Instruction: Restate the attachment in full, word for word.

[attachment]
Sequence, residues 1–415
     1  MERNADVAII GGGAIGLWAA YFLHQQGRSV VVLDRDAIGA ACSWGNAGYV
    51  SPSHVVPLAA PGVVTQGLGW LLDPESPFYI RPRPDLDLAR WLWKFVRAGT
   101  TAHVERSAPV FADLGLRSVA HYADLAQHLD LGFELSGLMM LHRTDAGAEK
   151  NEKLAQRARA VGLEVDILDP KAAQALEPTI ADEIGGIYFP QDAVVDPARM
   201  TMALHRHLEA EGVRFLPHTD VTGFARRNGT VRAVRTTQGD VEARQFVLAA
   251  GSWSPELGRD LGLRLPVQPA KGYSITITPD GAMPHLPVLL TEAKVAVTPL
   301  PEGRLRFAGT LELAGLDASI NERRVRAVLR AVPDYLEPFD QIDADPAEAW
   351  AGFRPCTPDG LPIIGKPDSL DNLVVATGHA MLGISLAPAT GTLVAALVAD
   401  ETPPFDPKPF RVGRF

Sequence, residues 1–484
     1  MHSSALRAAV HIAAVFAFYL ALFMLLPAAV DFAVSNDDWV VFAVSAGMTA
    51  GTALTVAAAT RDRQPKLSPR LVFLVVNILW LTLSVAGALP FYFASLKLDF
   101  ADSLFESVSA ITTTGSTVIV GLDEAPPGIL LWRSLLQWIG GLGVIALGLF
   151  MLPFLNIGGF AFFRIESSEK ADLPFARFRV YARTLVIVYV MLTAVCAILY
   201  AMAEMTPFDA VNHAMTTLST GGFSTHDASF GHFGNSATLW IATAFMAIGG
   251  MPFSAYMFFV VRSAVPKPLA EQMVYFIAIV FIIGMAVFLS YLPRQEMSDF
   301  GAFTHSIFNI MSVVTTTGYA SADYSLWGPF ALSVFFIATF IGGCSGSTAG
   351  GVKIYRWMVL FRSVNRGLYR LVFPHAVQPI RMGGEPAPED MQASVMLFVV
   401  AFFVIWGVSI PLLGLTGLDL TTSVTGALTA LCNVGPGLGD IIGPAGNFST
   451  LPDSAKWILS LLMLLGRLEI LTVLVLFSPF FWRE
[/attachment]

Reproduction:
Sequence, residues 1–415
     1  MERNADVAII GGGAIGLWAA YFLHQQGRSV VVLDRDAIGA ACSWGNAGYV
    51  SPSHVVPLAA PGVVTQGLGW LLDPESPFYI RPRPDLDLAR WLWKFVRAGT
   101  TAHVERSAPV FADLGLRSVA HYADLAQHLD LGFELSGLMM LHRTDAGAEK
   151  NEKLAQRARA VGLEVDILDP KAAQALEPTI ADEIGGIYFP QDAVVDPARM
   201  TMALHRHLEA EGVRFLPHTD VTGFARRNGT VRAVRTTQGD VEARQFVLAA
   251  GSWSPELGRD LGLRLPVQPA KGYSITITPD GAMPHLPVLL TEAKVAVTPL
   301  PEGRLRFAGT LELAGLDASI NERRVRAVLR AVPDYLEPFD QIDADPAEAW
   351  AGFRPCTPDG LPIIGKPDSL DNLVVATGHA MLGISLAPAT GTLVAALVAD
   401  ETPPFDPKPF RVGRF

Sequence, residues 1–484
     1  MHSSALRAAV HIAAVFAFYL ALFMLLPAAV DFAVSNDDWV VFAVSAGMTA
    51  GTALTVAAAT RDRQPKLSPR LVFLVVNILW LTLSVAGALP FYFASLKLDF
   101  ADSLFESVSA ITTTGSTVIV GLDEAPPGIL LWRSLLQWIG GLGVIALGLF
   151  MLPFLNIGGF AFFRIESSEK ADLPFARFRV YARTLVIVYV MLTAVCAILY
   201  AMAEMTPFDA VNHAMTTLST GGFSTHDASF GHFGNSATLW IATAFMAIGG
   251  MPFSAYMFFV VRSAVPKPLA EQMVYFIAIV FIIGMAVFLS YLPRQEMSDF
   301  GAFTHSIFNI MSVVTTTGYA SADYSLWGPF ALSVFFIATF IGGCSGSTAG
   351  GVKIYRWMVL FRSVNRGLYR LVFPHAVQPI RMGGEPAPED MQASVMLFVV
   401  AFFVIWGVSI PLLGLTGLDL TTSVTGALTA LCNVGPGLGD IIGPAGNFST
   451  LPDSAKWILS LLMLLGRLEI LTVLVLFSPF FWRE